Compared to other natural disasters like hurricanes and fires, earthquakes strike without warning anywhere in the world.
There’s no telling when they’ll happen and most of the time, they bring extensive damage.
During an earthquake, your own home itself can become a danger to you and your family. How can you prepare your own home for an earthquake?
Preventing Structural Damage
The first step in quake-proofing your home is to prevent the damage where it is most likely to occur. Providing structural support to areas that are weak such as the front porch, glass doors, wooden decks, and the garage. Consulting a professional engineer is the best option in order to evaluate the structure of your home and make the necessary improvements in order to strengthen these areas. Making use of the best materials is essential in protecting your home as well. Concrete dries fast and is one of the sturdiest materials that are earthquake-resistant.
It’s common for furniture to get thrown around when a quake starts, especially if it’s a strong one. The danger of cabinets, light fixtures, and other furniture to fall down and injure you or your family is high when these things are unsecured. What you need to do here is bolting or fastening them safely in place. This ensures that they won’t fall down easily and pose any danger for people inside your home during an earthquake. Use the best available framing hammer to fasten nails on the feet of cabinets and fasten dressers to the walls to prevent them from toppling over and hurting anyone.
Placing Objects Safely
Head injury is quite an expected injury during earthquakes. This is because of heavy objects falling on people’s heads during all the shaking and this can even be serious at times. If you don’t want this to happen, be smart in storing objects in your home. To make sure safety is a priority, pack heavier things such as tin cans, bottles, and glass on the lower cabinets and cupboards as they won’t be falling from a great height. Store the lighter objects on the upper bins to prevent potential hazards. In addition, always lock your cupboards since they may jar open during a quake.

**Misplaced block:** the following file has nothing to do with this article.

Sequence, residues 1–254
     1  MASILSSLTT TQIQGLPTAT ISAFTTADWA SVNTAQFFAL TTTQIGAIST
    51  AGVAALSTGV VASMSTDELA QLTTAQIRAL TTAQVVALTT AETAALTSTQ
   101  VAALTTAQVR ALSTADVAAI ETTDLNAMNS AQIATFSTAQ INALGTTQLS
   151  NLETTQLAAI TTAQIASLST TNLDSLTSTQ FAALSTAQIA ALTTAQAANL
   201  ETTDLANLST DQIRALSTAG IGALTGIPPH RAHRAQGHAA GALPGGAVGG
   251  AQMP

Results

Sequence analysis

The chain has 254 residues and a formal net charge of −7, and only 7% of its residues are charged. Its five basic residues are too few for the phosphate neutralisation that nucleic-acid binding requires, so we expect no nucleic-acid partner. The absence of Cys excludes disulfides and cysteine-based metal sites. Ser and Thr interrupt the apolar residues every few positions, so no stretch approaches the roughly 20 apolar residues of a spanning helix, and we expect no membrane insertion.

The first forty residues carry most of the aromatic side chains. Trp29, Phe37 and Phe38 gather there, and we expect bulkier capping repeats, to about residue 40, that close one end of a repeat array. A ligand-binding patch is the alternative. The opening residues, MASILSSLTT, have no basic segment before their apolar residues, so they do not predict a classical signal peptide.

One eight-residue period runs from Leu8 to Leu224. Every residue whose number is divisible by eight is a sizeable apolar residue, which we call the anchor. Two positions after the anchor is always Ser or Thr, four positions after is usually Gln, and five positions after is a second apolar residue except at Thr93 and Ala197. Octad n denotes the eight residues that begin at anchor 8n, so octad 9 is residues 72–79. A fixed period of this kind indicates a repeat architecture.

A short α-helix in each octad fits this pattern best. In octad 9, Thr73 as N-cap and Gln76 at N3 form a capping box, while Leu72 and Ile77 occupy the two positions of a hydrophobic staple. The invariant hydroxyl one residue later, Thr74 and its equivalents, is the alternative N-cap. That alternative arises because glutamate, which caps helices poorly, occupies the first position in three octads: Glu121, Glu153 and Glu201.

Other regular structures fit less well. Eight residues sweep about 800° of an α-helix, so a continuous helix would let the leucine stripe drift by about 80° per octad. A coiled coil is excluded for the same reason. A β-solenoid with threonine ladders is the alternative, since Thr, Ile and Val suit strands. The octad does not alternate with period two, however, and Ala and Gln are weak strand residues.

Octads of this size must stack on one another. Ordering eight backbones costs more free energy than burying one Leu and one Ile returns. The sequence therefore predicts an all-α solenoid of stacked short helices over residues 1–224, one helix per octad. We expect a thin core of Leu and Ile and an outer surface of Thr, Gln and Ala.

Check Your Electronics
Power outlets can also be damaged during an earthquake. Knowing how to apply and repair switch wiring can help prevent electrical hazards at home. Due to the intensity of the shaking, some wires and panels can be dislodged or worse, completely broken and exposed. This would then lead to electrical hazard or even a potential for fire, so securing your homes electronics is a priority for earthquake preparedness. Consult an electrician to secure the electrical wires in and around your house, making sure there are no live or exposed wires before a quake. Repositioning outlets that are near potential hazards like the sink or the gas would also make it a lot safer.
Having a Safe Roof
A roof made from strong materials can easily survive an earthquake. If a roof does get damaged, not only does it make repairs hard, it also poses a danger of taking the whole house with it. Using lighter materials such as aluminum or metal is a great way to reduce weight on the roof and prevent extensive damage. Applying asphalt shingles is also a good alternative because they’re lighter and more flexible than other roofing materials. If you’ve bought an already-built house, asking a contractor to replace the roof with lightweight materials can be done beforehand.
Water Heater and Gas Appliances
Getting clean water after an earthquake can be difficult if some services end up unavailable. Your water heater can easily be damaged during an earthquake if it’s not secured properly. Faster the water heater against the wall, making sure that it stands upright. Replacing the metal pipes with more a flexible material will also prevent damage during the quake. Gas-powered appliances also benefit with more elastic connections and prevent possible gas leaks.
Additional Earthquake Proofing
Taking the pre-emptive measures for earthquake-proofing your home is important. A house can become a dangerous place during a quake and ensuring the safety of your family is a must. Securing doors and packing up supplies beforehand will also help save you time when disaster does strike. Knowing what materials to use for your home will decide whether your house can survive or not.
We can’t really predict when and where an earthquake might hit. If you know the right things to do, then setting your home right, you can save a lot of money and time in repairs